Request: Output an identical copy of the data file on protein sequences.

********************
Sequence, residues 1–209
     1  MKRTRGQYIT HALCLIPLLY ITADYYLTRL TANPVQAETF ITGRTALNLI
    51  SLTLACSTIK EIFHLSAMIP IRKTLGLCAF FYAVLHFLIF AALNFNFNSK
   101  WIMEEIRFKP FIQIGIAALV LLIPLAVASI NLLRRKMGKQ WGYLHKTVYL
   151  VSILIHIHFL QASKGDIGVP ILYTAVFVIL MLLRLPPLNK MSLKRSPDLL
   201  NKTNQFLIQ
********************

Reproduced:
Sequence, residues 1–209
     1  MKRTRGQYIT HALCLIPLLY ITADYYLTRL TANPVQAETF ITGRTALNLI
    51  SLTLACSTIK EIFHLSAMIP IRKTLGLCAF FYAVLHFLIF AALNFNFNSK
   101  WIMEEIRFKP FIQIGIAALV LLIPLAVASI NLLRRKMGKQ WGYLHKTVYL
   151  VSILIHIHFL QASKGDIGVP ILYTAVFVIL MLLRLPPLNK MSLKRSPDLL
   201  NKTNQFLIQ